So, you walk into the movie having back stories on some of the Avengers. This is the third movie for Hulk, and the third actor playing him. The second was essentially a reboot of the first (and much better). Edward Norton did a great job as Hulk, but apparently fans just miss Bill and Lou because Hulk, despite his incredible strength and jumping ability can’t get off the ground as a series of movies. Enter Mark Ruffalo with his take on Hulk (this is turning into the first Batman movie series: both Kilmer and Keaton were very good, and Clooney utterly horrendous). It is almost like the other two movies didn’t exist. Mark is sort of the hippie Hulk. The laid-back genius who is supposedly angry all the time. He was better than Eric Bana, but … Apparently I am in the minority because Ruffalo has been signed to additional movies. Sadly, Edward Norton has gone the way of Val Kilmer: a great actor with a bad reputation for working well with others (rumor has it, that in Val’s case the directors probably should have listened to him more often but you know how that goes).

Hawkeye and Black Widow share a moment

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Last night CavWife and I went to the screening of a new movie called October Baby. It was made by some old friends of hers, the Erwin brothers (not to be confused with the Coen brothers). Andy made our wedding video for us. They have done contract work for ESPN and have made a number of Dove Award winning music videos. This is their first full length movie.

This is a pretty good movie. The subject matter is pretty serious, but they have enough comic relief to not overwhelm you. When the movie gets the most serious, the comic relief is nowhere to be found so you aren’t too distracted. At times it moves a little slow. But what do you want for the first time out?

The movie begins something like Sweet Home Alabama, 2 childhood friends running toward the water hand in hand. The boy and girl are close friends. It fast forwards to their college years. Someone has come between them creating a discomfort. This is her big night as the lead actress in a play. After she collapses we learn that life has not been easy for her. She’s had a number of physical ailments, and some emotional ones too.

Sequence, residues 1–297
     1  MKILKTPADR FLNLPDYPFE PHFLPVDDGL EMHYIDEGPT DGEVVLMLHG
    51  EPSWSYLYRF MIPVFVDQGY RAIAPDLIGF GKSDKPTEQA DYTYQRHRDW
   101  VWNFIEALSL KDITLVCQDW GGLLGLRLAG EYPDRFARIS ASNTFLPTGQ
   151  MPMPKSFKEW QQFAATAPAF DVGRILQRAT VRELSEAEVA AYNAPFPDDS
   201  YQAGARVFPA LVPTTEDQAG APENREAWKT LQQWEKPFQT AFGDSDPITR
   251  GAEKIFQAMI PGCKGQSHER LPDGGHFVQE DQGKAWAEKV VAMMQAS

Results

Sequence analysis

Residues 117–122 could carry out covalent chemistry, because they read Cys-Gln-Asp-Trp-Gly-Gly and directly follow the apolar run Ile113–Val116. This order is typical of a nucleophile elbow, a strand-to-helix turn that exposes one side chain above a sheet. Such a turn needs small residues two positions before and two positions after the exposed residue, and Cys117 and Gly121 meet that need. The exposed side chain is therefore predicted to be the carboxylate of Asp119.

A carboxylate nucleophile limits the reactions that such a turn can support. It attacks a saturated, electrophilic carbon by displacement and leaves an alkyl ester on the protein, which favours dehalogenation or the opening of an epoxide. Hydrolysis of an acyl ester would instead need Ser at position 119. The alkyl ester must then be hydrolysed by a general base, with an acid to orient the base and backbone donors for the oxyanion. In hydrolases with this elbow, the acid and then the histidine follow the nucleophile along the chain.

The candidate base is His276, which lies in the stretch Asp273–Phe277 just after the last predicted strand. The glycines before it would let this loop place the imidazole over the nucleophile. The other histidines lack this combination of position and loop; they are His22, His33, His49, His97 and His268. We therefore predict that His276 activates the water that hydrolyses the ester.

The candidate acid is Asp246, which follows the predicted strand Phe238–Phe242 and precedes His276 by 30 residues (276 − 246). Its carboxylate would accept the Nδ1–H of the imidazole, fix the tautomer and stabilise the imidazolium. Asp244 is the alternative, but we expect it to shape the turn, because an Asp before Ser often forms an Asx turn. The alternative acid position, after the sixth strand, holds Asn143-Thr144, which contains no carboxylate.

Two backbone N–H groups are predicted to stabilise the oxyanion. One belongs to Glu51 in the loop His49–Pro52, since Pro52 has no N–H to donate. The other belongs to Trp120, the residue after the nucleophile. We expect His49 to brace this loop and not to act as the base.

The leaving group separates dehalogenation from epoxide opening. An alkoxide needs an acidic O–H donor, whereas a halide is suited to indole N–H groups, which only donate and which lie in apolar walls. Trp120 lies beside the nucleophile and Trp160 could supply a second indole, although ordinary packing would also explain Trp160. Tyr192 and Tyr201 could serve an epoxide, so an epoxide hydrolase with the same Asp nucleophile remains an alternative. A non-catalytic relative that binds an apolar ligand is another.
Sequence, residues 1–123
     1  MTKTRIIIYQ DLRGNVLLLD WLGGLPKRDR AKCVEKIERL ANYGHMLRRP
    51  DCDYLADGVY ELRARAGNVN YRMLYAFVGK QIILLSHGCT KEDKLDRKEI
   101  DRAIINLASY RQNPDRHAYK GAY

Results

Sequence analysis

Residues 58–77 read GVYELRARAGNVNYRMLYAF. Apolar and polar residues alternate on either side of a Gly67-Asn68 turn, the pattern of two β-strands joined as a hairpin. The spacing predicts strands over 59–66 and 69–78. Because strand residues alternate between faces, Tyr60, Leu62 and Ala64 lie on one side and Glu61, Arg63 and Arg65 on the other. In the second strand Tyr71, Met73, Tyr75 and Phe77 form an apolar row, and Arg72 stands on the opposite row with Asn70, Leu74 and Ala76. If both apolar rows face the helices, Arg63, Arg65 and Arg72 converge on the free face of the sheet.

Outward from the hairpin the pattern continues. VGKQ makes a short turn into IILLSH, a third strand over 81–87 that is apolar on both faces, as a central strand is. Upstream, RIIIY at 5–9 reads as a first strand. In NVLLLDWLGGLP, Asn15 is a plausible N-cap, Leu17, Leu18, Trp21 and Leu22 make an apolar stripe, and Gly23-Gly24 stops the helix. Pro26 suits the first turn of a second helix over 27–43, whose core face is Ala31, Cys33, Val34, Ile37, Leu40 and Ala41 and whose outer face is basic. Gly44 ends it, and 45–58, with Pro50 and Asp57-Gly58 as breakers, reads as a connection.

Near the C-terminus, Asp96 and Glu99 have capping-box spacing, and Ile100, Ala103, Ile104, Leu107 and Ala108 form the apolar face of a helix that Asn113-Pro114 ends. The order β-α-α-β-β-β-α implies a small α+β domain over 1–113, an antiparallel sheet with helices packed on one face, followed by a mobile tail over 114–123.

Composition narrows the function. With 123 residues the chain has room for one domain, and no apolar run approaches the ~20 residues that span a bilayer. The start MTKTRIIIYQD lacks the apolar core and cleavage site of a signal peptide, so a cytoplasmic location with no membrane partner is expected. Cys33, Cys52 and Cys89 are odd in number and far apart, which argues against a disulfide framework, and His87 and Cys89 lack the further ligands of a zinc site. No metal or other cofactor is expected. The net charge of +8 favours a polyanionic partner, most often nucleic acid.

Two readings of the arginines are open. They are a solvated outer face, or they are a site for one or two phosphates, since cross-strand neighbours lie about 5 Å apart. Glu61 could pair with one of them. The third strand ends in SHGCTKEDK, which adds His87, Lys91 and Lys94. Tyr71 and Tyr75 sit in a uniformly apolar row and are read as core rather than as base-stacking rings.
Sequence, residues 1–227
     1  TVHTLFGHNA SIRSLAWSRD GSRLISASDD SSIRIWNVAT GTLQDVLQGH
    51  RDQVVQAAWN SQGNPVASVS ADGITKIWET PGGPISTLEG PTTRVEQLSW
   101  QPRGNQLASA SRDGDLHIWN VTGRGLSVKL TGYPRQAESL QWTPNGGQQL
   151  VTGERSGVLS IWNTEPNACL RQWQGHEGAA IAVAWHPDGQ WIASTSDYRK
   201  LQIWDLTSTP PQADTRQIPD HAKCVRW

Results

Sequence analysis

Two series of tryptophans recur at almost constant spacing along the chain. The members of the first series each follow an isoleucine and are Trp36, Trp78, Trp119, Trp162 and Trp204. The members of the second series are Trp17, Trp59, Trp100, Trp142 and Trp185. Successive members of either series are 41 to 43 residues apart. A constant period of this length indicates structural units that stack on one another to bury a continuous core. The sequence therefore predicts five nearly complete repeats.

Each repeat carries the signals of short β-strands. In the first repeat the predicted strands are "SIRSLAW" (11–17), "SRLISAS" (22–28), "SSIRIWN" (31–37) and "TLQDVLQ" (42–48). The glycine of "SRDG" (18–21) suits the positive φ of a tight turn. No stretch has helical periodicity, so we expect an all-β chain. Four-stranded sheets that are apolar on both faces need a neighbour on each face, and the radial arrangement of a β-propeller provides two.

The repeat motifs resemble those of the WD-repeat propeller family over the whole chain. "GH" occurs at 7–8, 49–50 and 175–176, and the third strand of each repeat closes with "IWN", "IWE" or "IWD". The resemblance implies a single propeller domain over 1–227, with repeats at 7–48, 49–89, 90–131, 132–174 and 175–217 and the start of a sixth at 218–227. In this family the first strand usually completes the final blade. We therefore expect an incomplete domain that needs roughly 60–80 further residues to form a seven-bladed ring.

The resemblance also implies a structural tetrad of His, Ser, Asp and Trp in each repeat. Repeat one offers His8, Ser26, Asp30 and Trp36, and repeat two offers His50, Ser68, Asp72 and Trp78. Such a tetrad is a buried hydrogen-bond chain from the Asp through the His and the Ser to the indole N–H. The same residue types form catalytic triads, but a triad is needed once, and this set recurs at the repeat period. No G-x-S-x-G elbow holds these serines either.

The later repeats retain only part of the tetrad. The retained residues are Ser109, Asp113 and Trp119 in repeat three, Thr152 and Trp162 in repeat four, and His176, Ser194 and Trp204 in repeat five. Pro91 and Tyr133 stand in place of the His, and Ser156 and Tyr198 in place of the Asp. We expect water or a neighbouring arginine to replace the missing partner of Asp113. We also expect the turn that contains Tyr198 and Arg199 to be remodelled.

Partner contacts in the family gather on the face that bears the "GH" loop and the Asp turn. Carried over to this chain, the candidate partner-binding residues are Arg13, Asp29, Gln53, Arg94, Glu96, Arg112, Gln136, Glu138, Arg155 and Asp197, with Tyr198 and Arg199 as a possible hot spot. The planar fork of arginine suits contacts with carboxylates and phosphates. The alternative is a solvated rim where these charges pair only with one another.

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Enemies of the Heart: Breaking Free from the Four Emotions that Control You by Andy Stanley is a pretty good book.  Andy is a great communicator.  That means, for the most part, the book is interesting, easy to read and potentially impactful.  It is an updated version of It Came from Within.

His premise is that most of us are controlled by guilt, anger, greed and jealousy.  I would agree that these sins- I have a hard time calling greed an emotion- make war on our souls and flow out of our hearts.  His theology, as a pastor he should have a theology, is fuzzy at times.  He’s a bit inconsistent as to whether they flow out of our sinful hearts or attacking our hearts.  It does matter.

Andy seems to be writing for unchurched or newly churched people.  This, it seems, is his niche.  He avoids theological terms, which is perfectly fine.  At times, however, it is shorter than it need be on theological concepts.  So, while it is far deeper than most self-help books, at times Andy doesn’t go far enough.

First he identifies each of the 4 in order.  Then he cycles through them 2 more times in how to confront them and how to put on new habits.  He is typically clear and practical in his orientation.  I found a fair amount of the book pertinent to my own life and struggle with sin.

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Previously, I talked about the false expectations that we often have regarding addictions.  We seem to think that our repentance will be complete and we won’t struggle with old temptations.